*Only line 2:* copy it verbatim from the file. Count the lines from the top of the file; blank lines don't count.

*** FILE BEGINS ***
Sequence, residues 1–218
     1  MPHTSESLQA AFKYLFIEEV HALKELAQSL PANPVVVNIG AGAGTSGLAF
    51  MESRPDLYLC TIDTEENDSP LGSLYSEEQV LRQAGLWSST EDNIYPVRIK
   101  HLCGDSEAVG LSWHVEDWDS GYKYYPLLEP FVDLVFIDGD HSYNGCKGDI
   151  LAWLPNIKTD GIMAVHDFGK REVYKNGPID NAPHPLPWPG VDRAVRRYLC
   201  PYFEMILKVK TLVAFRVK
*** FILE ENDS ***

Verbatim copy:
     1  MPHTSESLQA AFKYLFIEEV HALKELAQSL PANPVVVNIG AGAGTSGLAF